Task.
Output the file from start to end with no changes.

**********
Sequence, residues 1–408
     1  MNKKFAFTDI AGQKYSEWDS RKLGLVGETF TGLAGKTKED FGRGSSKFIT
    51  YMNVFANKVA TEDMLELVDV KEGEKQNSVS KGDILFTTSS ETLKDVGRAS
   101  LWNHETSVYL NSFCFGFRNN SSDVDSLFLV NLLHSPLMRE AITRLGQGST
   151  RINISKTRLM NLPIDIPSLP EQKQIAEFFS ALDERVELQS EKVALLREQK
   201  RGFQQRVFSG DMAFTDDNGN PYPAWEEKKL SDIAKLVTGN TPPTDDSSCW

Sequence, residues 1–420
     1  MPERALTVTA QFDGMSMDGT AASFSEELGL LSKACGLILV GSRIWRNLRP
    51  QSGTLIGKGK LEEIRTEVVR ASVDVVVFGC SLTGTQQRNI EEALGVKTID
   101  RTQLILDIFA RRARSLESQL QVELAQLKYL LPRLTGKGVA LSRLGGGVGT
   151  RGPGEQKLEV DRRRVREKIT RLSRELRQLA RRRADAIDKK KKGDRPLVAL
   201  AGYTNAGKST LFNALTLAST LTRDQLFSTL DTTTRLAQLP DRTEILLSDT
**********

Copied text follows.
Sequence, residues 1–408
     1  MNKKFAFTDI AGQKYSEWDS RKLGLVGETF TGLAGKTKED FGRGSSKFIT
    51  YMNVFANKVA TEDMLELVDV KEGEKQNSVS KGDILFTTSS ETLKDVGRAS
   101  LWNHETSVYL NSFCFGFRNN SSDVDSLFLV NLLHSPLMRE AITRLGQGST
   151  RINISKTRLM NLPIDIPSLP EQKQIAEFFS ALDERVELQS EKVALLREQK
   201  RGFQQRVFSG DMAFTDDNGN PYPAWEEKKL SDIAKLVTGN TPPTDDSSCW

Sequence, residues 1–420
     1  MPERALTVTA QFDGMSMDGT AASFSEELGL LSKACGLILV GSRIWRNLRP
    51  QSGTLIGKGK LEEIRTEVVR ASVDVVVFGC SLTGTQQRNI EEALGVKTID
   101  RTQLILDIFA RRARSLESQL QVELAQLKYL LPRLTGKGVA LSRLGGGVGT
   151  RGPGEQKLEV DRRRVREKIT RLSRELRQLA RRRADAIDKK KKGDRPLVAL
   201  AGYTNAGKST LFNALTLAST LTRDQLFSTL DTTTRLAQLP DRTEILLSDT